Brown is up for re-election next year. A spokeswoman for his opponent, Ohio Treasurer Josh Mandel, said mandates such as the $15 minimum wage would be a job killer. “If anything, it will increase unemployment by pricing out entry level jobs,” said Erica Nurnberg, the Mandel spokeswoman.
“Three decades later, the hopes and desires I hear from Ohioans haven’t really changed. They want the same things as those steelworkers: to be valued for the work they do, to be able to save for the future, to own a home, to take the family on a vacation once in a while, and to build better lives for their children,” Brown said Friday.
Brown said the case for improving conditions for workers makes itself: Despite an increase in median wages and a drop in poverty in 2015, wages and benefits have declined or stagnated for U.S. workers for decades, with workers earning less each hour but doing more. Between 1973 and 2013, for example, productivity increased 74.4 percent, but hourly compensation increased only 9.2 percent.
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At the same time, his report found, “work is less valuable for workers because businesses are no longer investing in their workforces as a critical component to the long-term success of their companies.” Instead, he said, companies are focused on “cost-cutting, long-term profits and leaner business models.” Employers often use alternative work arrangements to keep wages and benefits low, including through temporary workers, subcontractors and independent contractors who often receive lower wages and fewer benefits and protections.
Ohio Republican Party Chairman Jane Timken slammed Brown’s proposals Friday.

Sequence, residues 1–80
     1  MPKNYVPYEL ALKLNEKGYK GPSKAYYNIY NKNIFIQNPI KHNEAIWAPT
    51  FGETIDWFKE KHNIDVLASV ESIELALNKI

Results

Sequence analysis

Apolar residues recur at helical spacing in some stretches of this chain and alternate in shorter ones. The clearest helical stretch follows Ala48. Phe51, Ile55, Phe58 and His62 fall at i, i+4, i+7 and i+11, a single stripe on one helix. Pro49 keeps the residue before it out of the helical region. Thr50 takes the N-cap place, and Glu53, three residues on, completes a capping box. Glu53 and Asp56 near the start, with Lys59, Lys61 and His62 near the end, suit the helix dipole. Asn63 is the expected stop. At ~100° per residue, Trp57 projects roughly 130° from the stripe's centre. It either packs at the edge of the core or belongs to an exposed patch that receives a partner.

"Sherrod Brown's 77 page bill of goods isn't fooling anyone. Today's theatrics are a blatant attempt to deceive Ohio workers into accepting failed liberal policies, like an anti-worker $15 minimum wage, by sprinkling in some rhetoric resembling President Trump's," Timken said.
In an interview, Brown said the nation has “failed” workers by focusing too much on the richest people at the country at workers’ expense. He said he’s not sure how they’ll move to make the report’s goals a reality, but the goal at this point is education.
“We all think too much in immediate terms,” he said, adding he hopes his report helps policy makers step back and take a broader look at how make sure workers are valued.
OTHER HIGHLIGHTS OF BROWN’S PLAN
His plan includes a patchwork of pro-worker initiatives, including:
*paying overtime to executive, administrative and professional workers making less than $47,476;
* making sure workers are able to earn up to seven paid sick leave days a year;
* establishing at least 12 weeks of paid family and medical leave through a national paid leave fund.
* crack down on wage theft, which can include forcing people to work off the clock; refusing to pay workers the minimum wage; denying workers overtime pay even after they work more than 40 hours a week; stealing workers’ tips.
He’d also expand access to retirement programs for part-time and low-wage workers, along with small business owners; improve retirement savings opportunities for independent contractors; and give workers a tax credit to match their retirement contributions.
Finally, he wants to require companies to reimburse taxpayers when their employees have to rely on federal assistance programs because their wages are too low and give companies a tax break when they commit to staying in the U.S., hiring in the U.S., and providing good wages and fair benefits for their workers.
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